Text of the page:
For nine months, from the spring of 1864 to March 25th, 1865, Petersburg, Virginia was under siege by the Army of the Potomac and the overall Union commander, General Ulysses S. Grant. The two great armies had fought a bloody campaign in the spring of 1864, and then settled into trenches that stretched for fifty miles around Petersburg and the Confederate capital of Richmond. Lee could not win this war of attrition, but he realized the growing Yankee army could overwhelm his diminishing force when the spring brought better weather for an assault. He ordered General John B. Gordon to find a weak point in the Federal defenses and attack.
Gordon selected Fort Stedman, an earthen redoubt with a moat and nine-foot walls. Although imposing, Gordon believed it offered the greatest chance for success since it was located just 150 yards from the Confederate lines – the narrowest gap along the entire front. Lee amassed nearly half of his army in an attempt to break through Grant’s Petersburg defenses and threaten his supply depot at City Point. At 4:00 a.m. on the morning of March 25th, 11,000 Rebels overpowered Fort Stedman’s garrisons and Batteries X, XI, and XII. The Confederates were brought under a killing crossfire, and counterattacks led by Maj. Gens. Parke and Hartranft contained the breakthrough, cut off, and captured more than 1,900 of the attackers. During the day, elements of the II and VI Corps assaulted and captured the entrenched picket lines in their respective fronts, which had been weakened for the assault on Fort Stedman. The Rebels were unable to hold the captured ground, and they were driven back to their original position.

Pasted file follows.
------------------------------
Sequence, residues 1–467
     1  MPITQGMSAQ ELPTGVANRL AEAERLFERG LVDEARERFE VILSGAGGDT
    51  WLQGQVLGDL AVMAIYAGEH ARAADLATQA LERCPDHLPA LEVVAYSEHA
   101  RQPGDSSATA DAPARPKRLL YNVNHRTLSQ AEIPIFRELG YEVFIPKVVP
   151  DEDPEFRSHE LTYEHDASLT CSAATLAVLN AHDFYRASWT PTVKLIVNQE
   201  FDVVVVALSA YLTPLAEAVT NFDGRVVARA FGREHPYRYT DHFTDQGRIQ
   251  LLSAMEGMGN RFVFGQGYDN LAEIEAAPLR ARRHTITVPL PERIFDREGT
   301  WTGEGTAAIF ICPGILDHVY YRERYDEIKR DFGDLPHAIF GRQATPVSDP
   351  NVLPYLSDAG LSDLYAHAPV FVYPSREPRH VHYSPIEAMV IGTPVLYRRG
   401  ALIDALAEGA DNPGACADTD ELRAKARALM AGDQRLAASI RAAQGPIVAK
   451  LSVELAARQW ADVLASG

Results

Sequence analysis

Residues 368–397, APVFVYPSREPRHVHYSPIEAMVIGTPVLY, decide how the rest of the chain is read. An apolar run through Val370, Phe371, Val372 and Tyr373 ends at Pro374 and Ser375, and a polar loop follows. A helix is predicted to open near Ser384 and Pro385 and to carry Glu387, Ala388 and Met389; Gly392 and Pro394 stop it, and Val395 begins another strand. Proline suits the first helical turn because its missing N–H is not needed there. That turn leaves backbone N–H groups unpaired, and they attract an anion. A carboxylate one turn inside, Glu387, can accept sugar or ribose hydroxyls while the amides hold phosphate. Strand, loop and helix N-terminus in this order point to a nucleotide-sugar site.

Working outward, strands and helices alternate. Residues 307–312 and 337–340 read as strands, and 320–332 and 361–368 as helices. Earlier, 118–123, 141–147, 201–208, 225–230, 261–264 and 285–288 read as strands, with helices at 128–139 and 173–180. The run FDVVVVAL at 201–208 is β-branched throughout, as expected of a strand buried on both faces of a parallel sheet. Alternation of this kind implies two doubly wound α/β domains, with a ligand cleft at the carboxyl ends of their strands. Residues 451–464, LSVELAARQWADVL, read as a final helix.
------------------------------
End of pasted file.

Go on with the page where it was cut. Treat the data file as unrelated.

The attack eventually failed, and within a week Lee evacuated his positions around Petersburg. The Union lost 1,000 men killed, wounded, and captured, while the Lee lost probably three times that number, including 1,500 captured during the retreat. Already outnumbered, these loses were more than Lee’s army could bear. Lee wrote to Confederate President Jefferson Davis that it would be impossible to maintain the Petersburg line much longer.
On March 29, Grant began his offensive, and the Confederate Army feel at Five Forks on April 1, and Petersburg fell on April 2-3. Two weeks after the Battle of Fort Stedman, Lee surrendered to Grant at Appomattox Court House in Virginia on April 9, 1865.
IMAGE: O’Sullivan, Timothy H., 1840-1882, photographer. Interior of the Union Fort Stedman, Petersburgh, [sic], Va., showing bombproofs. This is a stereograph image created ca.1864-ca.1865, Call Number PR-065-811-44 at the Library of Congress.